Faking (power) poses and non-verbal communication is something else. Social psychologist Amy Cuddy, PhD explains in her “Your body language may shape who you are” TED talk; there are ways for us to trick our minds into boosting our confidence. This idea is often summarized as fake it till you make it, but the risk of misinterpretation is substantial.

I prefer people around me behaving sincerely. However, at the very beginning of launching a new product or service, there is some room for faking.

Aiming for a billion users certainly shows ambition but won’t happen overnight. That’s why there is absolutely no use in replicating Facebook’s infrastructure to serve one billion customers. Still, the image of your company should exude that very same ambition even though it can only, temporarily, serve ten customers.

Fake it till you break it.

There is no need to over-engineer the infrastructure and (production) processes from the start. Keep your company as lean as possible up until the point it is about to break. However, a clear vision and some preparations should be in place to jump to the next level at the very moment it’s required.

minimal overdelivery

Under promise, over-deliver. If you don’t know by now, hopefully, the rock you were living under was at least a fancy one.

The problem with this piece of advice is this. Some people are natural over deliverers. Some people have an innate desire to please other people. For those people, too much of a good thing is never enough.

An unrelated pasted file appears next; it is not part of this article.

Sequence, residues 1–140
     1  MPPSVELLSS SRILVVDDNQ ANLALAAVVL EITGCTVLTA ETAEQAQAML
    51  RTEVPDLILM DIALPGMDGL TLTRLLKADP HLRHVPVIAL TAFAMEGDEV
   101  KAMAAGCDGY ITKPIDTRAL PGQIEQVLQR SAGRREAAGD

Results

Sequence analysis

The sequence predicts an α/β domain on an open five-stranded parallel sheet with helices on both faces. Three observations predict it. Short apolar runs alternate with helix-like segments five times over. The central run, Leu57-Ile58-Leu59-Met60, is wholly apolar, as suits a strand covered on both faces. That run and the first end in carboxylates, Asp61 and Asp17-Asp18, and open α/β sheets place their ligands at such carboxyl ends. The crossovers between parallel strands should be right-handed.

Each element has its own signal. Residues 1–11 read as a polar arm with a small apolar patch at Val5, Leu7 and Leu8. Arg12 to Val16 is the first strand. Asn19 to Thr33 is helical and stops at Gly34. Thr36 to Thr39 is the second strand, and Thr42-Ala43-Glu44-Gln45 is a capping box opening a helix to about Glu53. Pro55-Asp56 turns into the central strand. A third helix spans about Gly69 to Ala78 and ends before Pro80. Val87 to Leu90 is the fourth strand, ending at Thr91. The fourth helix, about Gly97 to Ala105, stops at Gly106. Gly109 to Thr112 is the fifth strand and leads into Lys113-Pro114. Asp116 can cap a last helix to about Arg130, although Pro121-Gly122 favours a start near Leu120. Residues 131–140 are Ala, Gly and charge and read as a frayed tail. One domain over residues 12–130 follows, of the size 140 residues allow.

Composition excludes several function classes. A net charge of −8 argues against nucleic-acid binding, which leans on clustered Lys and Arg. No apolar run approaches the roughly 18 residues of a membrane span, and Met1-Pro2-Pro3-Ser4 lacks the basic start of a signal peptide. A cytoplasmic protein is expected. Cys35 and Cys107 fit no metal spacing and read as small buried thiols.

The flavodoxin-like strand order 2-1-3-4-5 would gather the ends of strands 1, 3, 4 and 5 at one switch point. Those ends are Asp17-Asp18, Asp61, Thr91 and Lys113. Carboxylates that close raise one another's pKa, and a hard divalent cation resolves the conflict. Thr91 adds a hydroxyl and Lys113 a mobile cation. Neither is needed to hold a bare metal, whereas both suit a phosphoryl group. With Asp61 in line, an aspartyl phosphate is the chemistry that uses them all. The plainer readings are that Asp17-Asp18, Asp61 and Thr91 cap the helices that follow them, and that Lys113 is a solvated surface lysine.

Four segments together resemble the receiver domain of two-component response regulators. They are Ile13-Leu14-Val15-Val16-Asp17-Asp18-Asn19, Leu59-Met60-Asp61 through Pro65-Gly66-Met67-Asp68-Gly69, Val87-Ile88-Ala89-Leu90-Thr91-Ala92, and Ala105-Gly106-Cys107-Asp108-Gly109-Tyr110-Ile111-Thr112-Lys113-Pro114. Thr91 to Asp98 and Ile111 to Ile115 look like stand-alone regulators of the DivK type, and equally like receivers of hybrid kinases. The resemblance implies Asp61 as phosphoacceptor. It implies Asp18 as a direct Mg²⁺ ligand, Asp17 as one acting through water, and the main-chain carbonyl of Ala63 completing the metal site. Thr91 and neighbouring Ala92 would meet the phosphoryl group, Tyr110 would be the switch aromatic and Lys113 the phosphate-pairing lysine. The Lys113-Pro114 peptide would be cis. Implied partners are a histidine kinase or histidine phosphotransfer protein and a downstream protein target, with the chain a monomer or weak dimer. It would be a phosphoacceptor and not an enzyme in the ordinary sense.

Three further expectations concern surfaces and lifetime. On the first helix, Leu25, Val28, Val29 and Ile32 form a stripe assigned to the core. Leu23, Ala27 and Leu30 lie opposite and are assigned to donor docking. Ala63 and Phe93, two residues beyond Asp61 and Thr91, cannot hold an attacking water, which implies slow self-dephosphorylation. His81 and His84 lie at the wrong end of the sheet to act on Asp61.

Sometimes the extent to which people-pleasers over-deliver knows no limits. Handing out gifts (without charging) to their clients as Oprah Winfrey did with her audience.

Under promise, over-deliver is forever a solid business principle. However, if overdelivering is in your DNA, ask a third party to run a check. They should establish whether you’re overdelivering or straight-up selling yourself short.

trench delegation

A piece of advice that’s both right and wrong; to run a successful business, you must learn how to delegate.

Good advice because; there are only twenty-four hours in a day, and together we can achieve much more than alone.

Bad advice because; ceo’s can’t delegate getting in the trenches (in the beginning). Outsource too early, and you’ll have no idea how a certain process works. Delegate accounting entirely, and you won’t know how money actually flows in- and outside your company.

Start delegating after these two conditions are met, in this particular order. First, establish a firm understanding of the task at hand. Second, you’re able to attach KPI’s to the job(s) to be done.

maintenance is no fix

With a blown-up engine, changing the oil isn’t going to reassemble it magically. Similarly, depression won’t go away by meditation.

Prevention is better than cure, obviously. The danger lies in prevention advice being passed around, disguised as cure advice. They’re unequivocally not the same.

Maintenance is, of course, an excellent strategy. Meditation or prayer, among other initiatives, can help keep you grounded, focused, and grateful. Think of it as the oil recommended by your car manufacturer (not the cheap knockoff either). Proper and regular servicing will make you run smoothly for as long as you can.

learn to say no or yes